From Toilet to Tap

Rio Rancho plans to pour effluent into the aquifer

by Christie Chisholm, Weekly Alibi, February 23, 2012

Rio Rancho’s waste is being wasted. The same is true for most cities, which treat their sewage well enough to be used for gray water purposes but then send it downriver. Due to the plight of the desert and a rapidly growing population, Rio Rancho no longer wants to send off its sewage.

The city plans to inject it into the aquifer instead.

The project sounds scarier than it is, says Bruce Thomson, professor of civil engineering and director of the Water Resources Program at the University of New Mexico. “It’s extremely low-risk,” he says, adding that the project is environmentally friendly since it conserves resources. Still, people have an instinctually negative reaction to the idea of what’s called “toilet to tap,” and some worry about the safety of the plan.

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State Axes Cap-and-Trade

by Christie Chisholm, Weekly Alibi, February 16, 2012

After more than a year of death-defying escapes, an environmental rule was repealed on Monday, Feb. 6, with a unanimous vote by a Gov. Susana Martinez-appointed board.

The rule up for debate was on capping and trading carbon dioxide emissions—putting a cap on how much can be produced and allowing companies that come in under the limit to trade what remains of their allowance.

The regulation was approved by the Environmental Improvement Board in 2010 during the final months of Democrat Gov. Bill Richardson's administration. But it was never implemented. Martinez fired all seven of those 2010 members and replaced them. The overhauled board axed cap-and-trade.

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Down by the Banks

Does our desert city have the right to drink from the Rio Grande?

by Christie Chisholm, Weekly Alibi, December 15, 2011

When people in Albuquerque turn on their faucets, a little bit of the Rio Grande comes pouring out. That’s because on Dec. 5, 2008, the city stopped relying solely on a rapidly dwindling aquifer. Our water utility flipped a switch, and the San Juan-Chama Drinking Water Project came online.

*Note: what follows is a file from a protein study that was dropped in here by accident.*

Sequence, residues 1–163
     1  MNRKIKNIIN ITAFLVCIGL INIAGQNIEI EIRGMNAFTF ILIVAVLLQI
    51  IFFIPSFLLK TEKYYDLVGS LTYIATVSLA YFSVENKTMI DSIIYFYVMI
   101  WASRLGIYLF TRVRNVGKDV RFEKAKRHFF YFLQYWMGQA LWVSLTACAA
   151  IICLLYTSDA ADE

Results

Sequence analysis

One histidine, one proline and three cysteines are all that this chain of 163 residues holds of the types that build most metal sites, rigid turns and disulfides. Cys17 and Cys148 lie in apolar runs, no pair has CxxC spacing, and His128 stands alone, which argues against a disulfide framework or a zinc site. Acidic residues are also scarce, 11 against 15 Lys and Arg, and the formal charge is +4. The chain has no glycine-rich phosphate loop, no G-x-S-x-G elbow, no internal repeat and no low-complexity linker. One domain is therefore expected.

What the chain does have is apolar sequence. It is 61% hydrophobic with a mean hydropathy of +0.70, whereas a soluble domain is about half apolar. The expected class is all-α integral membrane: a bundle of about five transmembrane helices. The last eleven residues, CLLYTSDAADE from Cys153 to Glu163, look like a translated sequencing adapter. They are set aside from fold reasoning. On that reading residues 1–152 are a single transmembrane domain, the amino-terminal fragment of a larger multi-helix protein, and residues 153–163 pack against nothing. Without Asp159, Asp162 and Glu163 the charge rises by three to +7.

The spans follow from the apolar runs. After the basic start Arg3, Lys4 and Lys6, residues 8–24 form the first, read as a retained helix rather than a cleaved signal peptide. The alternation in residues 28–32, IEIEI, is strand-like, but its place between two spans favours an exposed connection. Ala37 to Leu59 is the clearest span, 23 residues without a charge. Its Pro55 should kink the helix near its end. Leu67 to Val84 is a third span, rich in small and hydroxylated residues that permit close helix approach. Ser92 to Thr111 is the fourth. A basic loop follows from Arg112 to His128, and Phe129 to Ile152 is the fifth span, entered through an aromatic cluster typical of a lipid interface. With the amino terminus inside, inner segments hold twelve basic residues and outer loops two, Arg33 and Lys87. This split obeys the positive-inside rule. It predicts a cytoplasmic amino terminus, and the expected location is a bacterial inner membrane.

The idea behind using river water was to lessen the strain on our underground supply. If it worked, the aquifer would begin to replenish itself, and the city would avoid catastrophe. Without a change, severe water-quality problems and region-wide subsidence (i.e., sinking land) were estimated to be about three decades away.

The good news is the project seems to be working. The bad news is the New Mexico Court of Appeals just ruled the Albuquerque Bernalillo County Water Utility Authority doesn’t have the rights for the Rio Grande.

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The Empty City

by Christie Chisholm, Weekly Alibi, September 22, 2011

Robert Brumley wants to build a ghost city in the middle of the desert. The CEO of Pegasus Global Holdings, a technology development company, has a surreal plan: Construct an entire city spanning 20 square miles over two years. Build enough homes to shelter 350,000 people. Erect a downtown, cobble together a warehouse district, save some green space, put in an “old town,” even run an interstate right through the middle of it. But don’t let anyone live there.

Humans are disruptive variables.

The uninhabited city will serve as a testing ground for new technologies. Brumley says the project, which is called The Center (short for The Center for Innovation, Testing and Evaluation) will be open to all sorts of emerging techs.

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A Token In the Ash

Read the rest of the Weekly Alibi's columns on 9/11 here

by Christie Chisholm, Weekly Alibi, September 8, 2011

I learned of what happened that September morning the way most Americans did: by staring in disbelief at a television screen.

That’s my claim to 9/11. That’s it.

I spent the following days looking to the sky wondering what might come next. I wanted to hide under the covers, sequester myself in an invisible fortress. I wanted to run backward to the time when I still felt like nothing could hurt me.

There are so many others who were affected deeply, who suffered unknowable personal losses. But as a country, I believe the greatest loss we suffered on Sept. 11, 2001, was our sense of safety.

That’s something I know a few things about. I also know a bit about rebuilding that precious, intangible commodity. And on this, the 10-year anniversary of one of the most knee-buckling moments in our nation’s history, I’d like to talk about what I’ve learned.

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